New Amerykah, Part One (4th World War)

Studio Album by released in 2008
New Amerykah, Part One (4th World War)'s tracklist:
Amerykahn Promise
The Healer
Me
My People
Soldier
The Cell
Twinkle
Master Teacher
That Hump
Telephone
Honey

New Amerykah, Part One (4th World War) review

Erykah Badu's attitude to life, America and herself

On February 26 one of the most eccentric singers of the present days, the founder of neo soul genre Erykah Badu celebrated her thirty-seventh birthday marking this event with the release of her third full length album New Amerykah, Pt. 1: 4th World War, the first part of New Amerykah collection. Her inimitable eclectic brand style of performance that amazed the world in 1997 when her brilliant debut creation Baduism was released makes each song she sings a work of art which is confirmed by numerous awards including several Grammies. Erykah's second record, 2003's Worldwide Underground, proved to be more nonstandard than the first work but as it now turns out it was only a bridge to what the third album presents in itself. As the performer confesses herself it is the unusual, passionate music she has always dreamt to record, and the much personal texts on New Amerykah, Pt. 1: 4th World War express Erykah Badu's civil position and attitude to life, America and herself.

A pure flow of music on New Amerykah, Pt. 1: 4th World War

On New Amerykah, Pt. 1: 4th World WarErykah Badu practically denies the standard song structure of verses and choruses instead letting us enjoy a pure flow of music. An absolutely amazing production by Madlib, 9th Wonder and Sa-Ra greatly adds to the singer's unsurpassed performance. The album opens with conceptual composition Amerykahn Promise on which a male voice praises the government, and a child's one makes one understand that everything it promises is all fake and false, whereas The Healer with a faultless bass line is a slower reflective song with Erykah's soft vocals and a choir in the background. The most personal track Me refined with tubes and a melody impossible to imitate is close to jazz, but a funky beat makes it so complicated and artfully disharmonious, at the end the track gets sentimental and strange. Almost danceable if not oppressive composition My People sounds somewhat endlessly sad, and R&B beat on Soldier, another embodiment of the album's ideas serves a perfect background for the singer's wonderfully powerful vocals. Multilayer sounding on The Cell is built around a very simple tune, while the longest tracks here are Master Teacher, on which several interrupting each other vocal parties create the background for Badu's gentle singing with a changing tune, and a slower number Telephone again not devoid of jazz elements. At the end of the record there is a surprise for us, on Bonus Track the singer is first talking to the listeners and then presents us with a hidden single Honey, the only the one song with verses and a chorus and a distinct tune played on all levels.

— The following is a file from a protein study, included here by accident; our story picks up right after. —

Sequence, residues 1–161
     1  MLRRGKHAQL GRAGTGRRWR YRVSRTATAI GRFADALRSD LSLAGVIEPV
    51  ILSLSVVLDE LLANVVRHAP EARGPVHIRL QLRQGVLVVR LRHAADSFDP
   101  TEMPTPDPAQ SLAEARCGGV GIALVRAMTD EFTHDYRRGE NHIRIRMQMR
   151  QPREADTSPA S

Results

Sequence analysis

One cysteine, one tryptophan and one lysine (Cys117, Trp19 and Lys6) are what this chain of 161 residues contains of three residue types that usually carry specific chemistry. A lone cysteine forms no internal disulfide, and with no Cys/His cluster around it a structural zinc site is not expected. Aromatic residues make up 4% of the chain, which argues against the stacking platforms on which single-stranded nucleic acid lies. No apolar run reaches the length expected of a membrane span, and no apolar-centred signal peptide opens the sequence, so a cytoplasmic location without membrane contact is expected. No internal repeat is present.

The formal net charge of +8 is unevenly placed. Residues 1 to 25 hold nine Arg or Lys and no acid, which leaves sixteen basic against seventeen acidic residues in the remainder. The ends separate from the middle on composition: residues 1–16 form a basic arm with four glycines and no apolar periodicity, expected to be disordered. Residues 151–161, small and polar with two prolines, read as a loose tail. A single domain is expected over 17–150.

Not a simple album for apprehension

It is quite an undertaking to single out a clear stylistic direction both on New Amerykah, Pt. 1: 4th World War and its predecessors for the main factor for Erykah Badu is the music itself, the creative work as it is without any boundaries and definitions. If before her creations that are always lively and natural were somewhere close to hip hop and R&B now she has obviously decided to explore the possibilities of funk, but this by no means implies that the new work can be classified as her funk album. Erykah seems to be testing her fans' toughness with this record balancing on the edge of harmonious and disorderly, hard and soft, opening her political views from song to song using expressions that are far from being flattery or just depicting the scenes of the severe reality. Not a simple album for apprehension New Amerykah, Pt. 1: 4th World War is most complicated patterns of tunes and voice overlapping combined with a bit that is often unexpected. One should give this work more than one listening to appreciate all its nuances and then it will be clear what music means for Erykah Badu and what we can expect from her to come.

Alexandra Zachernovskaya (06.03.2008)
Rate review4.41
Total votes - 123


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